Set in the 19th century United States, Beloved follows a formerly enslaved woman named Sethe and the lives of those closest to her. Sethe lives in a house known only as 124 outside of Cincinnati, Ohio. Not only is the house inhabited by Sethe and her eighteen-year-old daughter Denver, but it is also haunted by a poltergeist. 124 had been a gathering place for the area’s black community, led by the middle-aged Baby Suggs, another formerly enslaved woman. Prior to their move to Ohio, she and Sethe were held captive on the same Kentucky plantation called Sweet Home. Sethe was purchased for this plantation after Baby Suggs had been bought out by her son Halle who outsourced his labor in order to do so. Halle and Sethe were allowed to marry by the owners of the plantation, resulting in the birth of three children—two boys and a girl. In comparison to most other plantations, Sweet Home provided liberties rarely afforded to enslaved people, including choice of marriage, use of guns, lack of physical and humiliating punishment, input into work practices, and the aforementioned buy-out of Baby Suggs.

Conditions change once Sweet Home’s owner dies of a stroke and his widow brings in her brother-in-law and his young nephews to help run Sweet Home; the small liberties granted to the enslaved people are revoked by the new leadership, and cruelties ensue. The enslaved people, including Halle and a man named Paul D, plot to escape north; however, Sethe and her children are the only ones who succeed in doing so, only after she is violated by the nephews and brutally whipped by the brother-in-law for informing him of the assault. These events and Sethe’s flight are complicated by her near-full-term pregnancy. Approaching death from exhaustion and exposure, she is saved by a white girl who helps Sethe give birth. Her daughter is named Denver after the contextually benevolent white girl.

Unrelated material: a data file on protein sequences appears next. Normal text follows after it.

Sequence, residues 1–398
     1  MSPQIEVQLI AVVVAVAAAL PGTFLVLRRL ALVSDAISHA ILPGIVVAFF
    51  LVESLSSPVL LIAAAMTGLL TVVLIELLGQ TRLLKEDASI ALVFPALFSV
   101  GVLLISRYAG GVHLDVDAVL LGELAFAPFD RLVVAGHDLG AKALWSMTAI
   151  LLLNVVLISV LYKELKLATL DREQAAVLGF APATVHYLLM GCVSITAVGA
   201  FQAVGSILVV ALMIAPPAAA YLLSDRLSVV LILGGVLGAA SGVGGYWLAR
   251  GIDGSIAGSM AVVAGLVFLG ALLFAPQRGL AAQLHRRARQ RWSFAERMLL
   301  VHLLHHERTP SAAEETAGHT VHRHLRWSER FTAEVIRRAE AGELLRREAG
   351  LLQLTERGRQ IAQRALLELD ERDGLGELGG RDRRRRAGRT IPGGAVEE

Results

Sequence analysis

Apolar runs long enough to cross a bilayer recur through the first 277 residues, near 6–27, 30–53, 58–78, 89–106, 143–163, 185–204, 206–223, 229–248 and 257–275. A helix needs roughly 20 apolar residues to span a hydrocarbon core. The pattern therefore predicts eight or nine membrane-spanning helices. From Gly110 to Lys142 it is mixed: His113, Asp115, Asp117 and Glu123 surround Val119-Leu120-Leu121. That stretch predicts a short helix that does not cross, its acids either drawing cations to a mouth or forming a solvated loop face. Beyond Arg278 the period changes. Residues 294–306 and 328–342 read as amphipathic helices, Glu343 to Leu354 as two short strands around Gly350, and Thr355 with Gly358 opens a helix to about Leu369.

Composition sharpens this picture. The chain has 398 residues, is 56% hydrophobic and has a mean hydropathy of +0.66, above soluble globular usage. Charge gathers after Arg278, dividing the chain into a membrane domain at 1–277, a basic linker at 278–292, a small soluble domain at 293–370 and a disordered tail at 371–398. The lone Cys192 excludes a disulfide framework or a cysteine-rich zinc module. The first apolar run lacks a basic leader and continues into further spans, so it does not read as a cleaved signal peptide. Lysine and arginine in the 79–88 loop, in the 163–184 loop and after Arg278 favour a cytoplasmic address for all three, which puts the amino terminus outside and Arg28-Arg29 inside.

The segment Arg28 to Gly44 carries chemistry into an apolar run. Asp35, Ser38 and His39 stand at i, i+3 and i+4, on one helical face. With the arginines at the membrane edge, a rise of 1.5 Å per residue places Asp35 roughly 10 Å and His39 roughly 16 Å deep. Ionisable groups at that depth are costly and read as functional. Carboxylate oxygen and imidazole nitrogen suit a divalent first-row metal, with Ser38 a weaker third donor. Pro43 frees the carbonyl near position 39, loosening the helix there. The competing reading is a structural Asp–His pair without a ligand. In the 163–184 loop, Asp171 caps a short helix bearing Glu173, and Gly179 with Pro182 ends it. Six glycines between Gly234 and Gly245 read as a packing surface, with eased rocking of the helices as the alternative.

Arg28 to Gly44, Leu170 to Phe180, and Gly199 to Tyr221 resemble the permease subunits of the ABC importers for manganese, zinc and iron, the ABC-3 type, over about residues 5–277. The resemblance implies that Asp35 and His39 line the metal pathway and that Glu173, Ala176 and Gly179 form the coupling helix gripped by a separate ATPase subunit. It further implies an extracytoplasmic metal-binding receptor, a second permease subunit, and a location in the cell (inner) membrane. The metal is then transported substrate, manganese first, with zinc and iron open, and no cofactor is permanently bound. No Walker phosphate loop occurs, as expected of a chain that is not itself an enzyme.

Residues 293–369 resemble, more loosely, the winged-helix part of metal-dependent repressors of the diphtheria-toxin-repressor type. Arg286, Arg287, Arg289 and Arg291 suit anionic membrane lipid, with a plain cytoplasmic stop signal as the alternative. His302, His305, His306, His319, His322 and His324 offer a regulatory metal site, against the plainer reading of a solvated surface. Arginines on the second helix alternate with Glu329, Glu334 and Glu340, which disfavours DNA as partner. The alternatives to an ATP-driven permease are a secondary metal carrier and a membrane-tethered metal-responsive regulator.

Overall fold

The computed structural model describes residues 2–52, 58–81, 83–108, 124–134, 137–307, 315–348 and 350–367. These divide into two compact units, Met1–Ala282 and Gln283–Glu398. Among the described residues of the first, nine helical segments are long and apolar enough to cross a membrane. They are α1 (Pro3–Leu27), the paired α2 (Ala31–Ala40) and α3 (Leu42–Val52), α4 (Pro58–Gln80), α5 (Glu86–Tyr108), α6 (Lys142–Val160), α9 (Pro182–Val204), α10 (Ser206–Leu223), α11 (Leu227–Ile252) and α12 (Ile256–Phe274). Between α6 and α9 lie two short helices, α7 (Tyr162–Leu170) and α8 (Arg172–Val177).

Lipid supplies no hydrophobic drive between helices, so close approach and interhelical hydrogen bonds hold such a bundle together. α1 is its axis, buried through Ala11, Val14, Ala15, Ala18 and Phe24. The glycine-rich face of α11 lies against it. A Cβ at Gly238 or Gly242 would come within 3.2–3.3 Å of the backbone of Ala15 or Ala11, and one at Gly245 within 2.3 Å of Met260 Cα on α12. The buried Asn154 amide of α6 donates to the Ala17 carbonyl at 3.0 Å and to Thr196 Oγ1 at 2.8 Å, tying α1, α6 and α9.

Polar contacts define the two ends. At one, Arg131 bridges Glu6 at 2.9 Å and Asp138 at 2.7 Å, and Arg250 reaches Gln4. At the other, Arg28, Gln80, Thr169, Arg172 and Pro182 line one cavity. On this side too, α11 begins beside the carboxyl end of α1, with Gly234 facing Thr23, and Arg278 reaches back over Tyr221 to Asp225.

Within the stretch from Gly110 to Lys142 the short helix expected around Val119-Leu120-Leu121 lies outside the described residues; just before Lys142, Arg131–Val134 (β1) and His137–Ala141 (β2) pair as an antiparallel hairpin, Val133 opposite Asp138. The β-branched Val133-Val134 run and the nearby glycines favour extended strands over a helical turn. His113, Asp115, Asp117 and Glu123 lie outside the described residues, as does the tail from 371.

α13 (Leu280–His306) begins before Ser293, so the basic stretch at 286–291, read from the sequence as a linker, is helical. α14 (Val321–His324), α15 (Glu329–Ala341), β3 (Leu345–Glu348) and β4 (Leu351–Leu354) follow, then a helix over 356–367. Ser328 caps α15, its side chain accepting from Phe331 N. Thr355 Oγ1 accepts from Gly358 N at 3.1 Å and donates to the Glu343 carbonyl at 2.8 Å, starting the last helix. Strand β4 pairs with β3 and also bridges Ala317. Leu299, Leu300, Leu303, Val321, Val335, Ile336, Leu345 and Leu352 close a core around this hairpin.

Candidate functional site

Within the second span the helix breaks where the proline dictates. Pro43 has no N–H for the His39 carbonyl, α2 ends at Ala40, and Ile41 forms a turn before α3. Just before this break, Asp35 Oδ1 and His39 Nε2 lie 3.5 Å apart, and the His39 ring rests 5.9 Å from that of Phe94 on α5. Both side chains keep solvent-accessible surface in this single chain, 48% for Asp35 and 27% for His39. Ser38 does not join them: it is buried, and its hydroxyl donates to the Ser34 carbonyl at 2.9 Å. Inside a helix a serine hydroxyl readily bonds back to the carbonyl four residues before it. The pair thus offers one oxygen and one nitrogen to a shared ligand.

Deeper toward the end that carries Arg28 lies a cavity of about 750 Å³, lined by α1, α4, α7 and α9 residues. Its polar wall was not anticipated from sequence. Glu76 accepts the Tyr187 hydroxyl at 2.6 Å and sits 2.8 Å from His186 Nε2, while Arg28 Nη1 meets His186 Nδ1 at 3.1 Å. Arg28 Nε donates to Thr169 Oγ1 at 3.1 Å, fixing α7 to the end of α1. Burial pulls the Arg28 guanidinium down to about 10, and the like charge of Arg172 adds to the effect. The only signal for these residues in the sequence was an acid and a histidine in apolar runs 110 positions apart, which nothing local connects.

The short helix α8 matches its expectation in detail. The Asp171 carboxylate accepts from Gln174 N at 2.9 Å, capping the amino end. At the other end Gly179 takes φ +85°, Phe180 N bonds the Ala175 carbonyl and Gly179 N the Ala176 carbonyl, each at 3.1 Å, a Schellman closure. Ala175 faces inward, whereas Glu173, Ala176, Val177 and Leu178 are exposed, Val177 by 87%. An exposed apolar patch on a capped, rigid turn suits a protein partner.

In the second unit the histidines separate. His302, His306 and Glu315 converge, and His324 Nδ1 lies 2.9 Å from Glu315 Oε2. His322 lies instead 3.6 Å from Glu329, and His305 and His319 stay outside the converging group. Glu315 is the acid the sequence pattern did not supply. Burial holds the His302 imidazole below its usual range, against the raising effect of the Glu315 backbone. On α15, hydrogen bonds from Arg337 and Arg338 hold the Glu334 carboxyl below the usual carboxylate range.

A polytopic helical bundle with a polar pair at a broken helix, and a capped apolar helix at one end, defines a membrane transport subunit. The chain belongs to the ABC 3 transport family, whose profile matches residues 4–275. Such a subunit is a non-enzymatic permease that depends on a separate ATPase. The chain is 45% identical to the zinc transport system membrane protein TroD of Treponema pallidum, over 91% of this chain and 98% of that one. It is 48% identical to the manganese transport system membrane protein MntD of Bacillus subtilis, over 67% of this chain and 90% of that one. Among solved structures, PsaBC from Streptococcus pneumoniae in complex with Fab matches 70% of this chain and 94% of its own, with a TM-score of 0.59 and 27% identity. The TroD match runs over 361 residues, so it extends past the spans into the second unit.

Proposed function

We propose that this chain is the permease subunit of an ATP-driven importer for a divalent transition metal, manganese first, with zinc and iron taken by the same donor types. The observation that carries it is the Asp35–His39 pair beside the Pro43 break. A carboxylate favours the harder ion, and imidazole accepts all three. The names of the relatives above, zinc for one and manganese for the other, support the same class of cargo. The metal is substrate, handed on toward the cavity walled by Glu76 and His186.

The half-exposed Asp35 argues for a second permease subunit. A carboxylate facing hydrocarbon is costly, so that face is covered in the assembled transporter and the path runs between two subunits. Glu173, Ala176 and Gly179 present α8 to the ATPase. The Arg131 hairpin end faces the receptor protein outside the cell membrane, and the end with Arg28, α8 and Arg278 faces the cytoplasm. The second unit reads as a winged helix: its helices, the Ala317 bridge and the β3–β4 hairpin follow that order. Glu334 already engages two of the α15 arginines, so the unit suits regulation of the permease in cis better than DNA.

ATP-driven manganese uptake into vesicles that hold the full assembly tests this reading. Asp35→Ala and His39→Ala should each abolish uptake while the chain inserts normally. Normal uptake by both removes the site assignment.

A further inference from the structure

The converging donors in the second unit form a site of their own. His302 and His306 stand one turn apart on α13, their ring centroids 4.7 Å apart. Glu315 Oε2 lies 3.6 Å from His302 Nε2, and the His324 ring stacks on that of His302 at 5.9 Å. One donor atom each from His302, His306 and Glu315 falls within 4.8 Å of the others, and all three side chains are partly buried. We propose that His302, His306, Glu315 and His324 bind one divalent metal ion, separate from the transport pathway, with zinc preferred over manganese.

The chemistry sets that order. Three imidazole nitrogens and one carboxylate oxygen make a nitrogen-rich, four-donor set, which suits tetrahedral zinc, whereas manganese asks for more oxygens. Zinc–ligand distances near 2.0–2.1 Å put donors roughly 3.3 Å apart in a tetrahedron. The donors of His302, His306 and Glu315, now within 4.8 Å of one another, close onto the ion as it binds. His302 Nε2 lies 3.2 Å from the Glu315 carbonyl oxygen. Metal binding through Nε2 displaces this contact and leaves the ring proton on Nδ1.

Carrying her newborn, Sethe arrives at 124, greeted by her other three children, into the care of Baby Suggs. The bittersweet happiness of her arrival without Halle is marred one month later by the arrival of a team intending to reclaim Sethe and her kids for Sweet Home. Rather than allow herself and her children to be forced back into slavery, Sethe intends to commit infanticide and suicide, succeeding in the murder of her older daughter. This action effectively prevents them from being taken, and Sethe is exonerated of her charges. Despite this, her act of desperation crushes her family, eventually leading to Baby Suggs’ death and to the flight of her sons from the household. Eighteen years later, Paul D arrives at 124. He begins a relationship with Sethe and manages to evict the poltergeist.

Soon thereafter, a strange woman arrives by the name of Beloved, the word Sethe had engraved on her child’s tombstone. Sethe is initially unaware of the stranger’s origins, and Paul D is effectively forced out by the new arrival. Once Beloved’s identity as the deceased child is understood, she, Sethe, and Denver become wrapped up in each other, blurring the lines of their identity. Sethe loses her job, but Denver manages to extricate herself to find work. Hearing of the family’s plight at the hands of the “unholy” Beloved, thirty black women of the area band together to purge 124 of her presence. Beloved leaves without a trace. Paul D eventually returns to 124, and memories of Beloved slowly fade into oblivion.